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Last Updated: Saturday, 13 November, 2004, 09:36 GMT
Historic manuscripts on display
Pringle manuscript
The papers were donated on the condition they were not made public
A collection of historic medical manuscripts is to go on public show for the first time in more than two centuries following a court ruling.

For 223 years, the Royal College of Physicians of Edinburgh has acted as custodian for a unique historical archive of medical papers.

The documents have remained hidden on the instructions of the physician who donated the material.

But it has since been decided that the papers should be made public.

The 10-volume collection, considered to be one of the most valuable manuscript sources of historical information on the practice of medicine in 18th century Europe, belonged to the renowned Scottish physician Sir John Pringle.

He donated his personal collection to the college on the condition that his papers would never be printed, quoted in print or taken out of the college.

The manuscripts provide a real insight into the practice of medicine in the 18th century
Iain Milne

The college had honoured the conditions since 1782, but it meant researchers were unable to quote or publish extracts from the manuscripts.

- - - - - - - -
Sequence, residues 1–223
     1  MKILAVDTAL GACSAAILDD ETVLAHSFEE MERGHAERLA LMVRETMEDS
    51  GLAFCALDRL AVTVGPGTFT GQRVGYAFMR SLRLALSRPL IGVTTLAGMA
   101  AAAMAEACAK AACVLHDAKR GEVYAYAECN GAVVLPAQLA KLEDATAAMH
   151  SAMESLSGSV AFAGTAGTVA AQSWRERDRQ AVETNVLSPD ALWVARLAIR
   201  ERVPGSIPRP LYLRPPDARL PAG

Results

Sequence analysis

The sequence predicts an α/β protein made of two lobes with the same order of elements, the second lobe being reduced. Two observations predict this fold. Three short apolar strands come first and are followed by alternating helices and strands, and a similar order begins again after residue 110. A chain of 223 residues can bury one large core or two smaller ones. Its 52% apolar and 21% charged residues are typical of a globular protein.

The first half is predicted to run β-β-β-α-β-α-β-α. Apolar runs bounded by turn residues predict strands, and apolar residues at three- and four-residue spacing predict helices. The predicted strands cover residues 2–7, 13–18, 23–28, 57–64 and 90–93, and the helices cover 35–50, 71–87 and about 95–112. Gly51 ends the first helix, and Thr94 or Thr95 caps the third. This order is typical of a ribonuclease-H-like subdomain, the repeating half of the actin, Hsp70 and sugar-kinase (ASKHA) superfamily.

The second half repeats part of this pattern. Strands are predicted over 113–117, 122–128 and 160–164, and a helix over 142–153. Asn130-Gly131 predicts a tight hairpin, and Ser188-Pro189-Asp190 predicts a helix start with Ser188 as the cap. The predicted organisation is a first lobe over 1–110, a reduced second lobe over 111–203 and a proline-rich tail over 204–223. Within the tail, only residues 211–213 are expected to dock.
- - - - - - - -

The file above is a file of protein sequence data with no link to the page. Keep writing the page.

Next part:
Earlier this year, a fellow of the college funded legal action intended to allow the college to change the restrictive terms of the Pringle donation.

The case was heard by Lady Paton and the college was granted its wish to open the collection to the public.

'Best cures'

Iain Milne, head of library and information services at the college, said: "The college is very proud of the Sir John's manuscripts which provide a real insight into the practice of medicine in the 18th century.

"However, the terms of the donation were very restrictive in the 21st century and we believed it was important to take legal action to make the material available to medical researchers, historians and the public."

The documents give an insight into medical thought and practice in the 18th century with one section devoted to the best cures at the time for diseases.

Pringle not only collected thoughts and notes from his own medical experience but also from other scientists of the time, including Benjamin Franklin.


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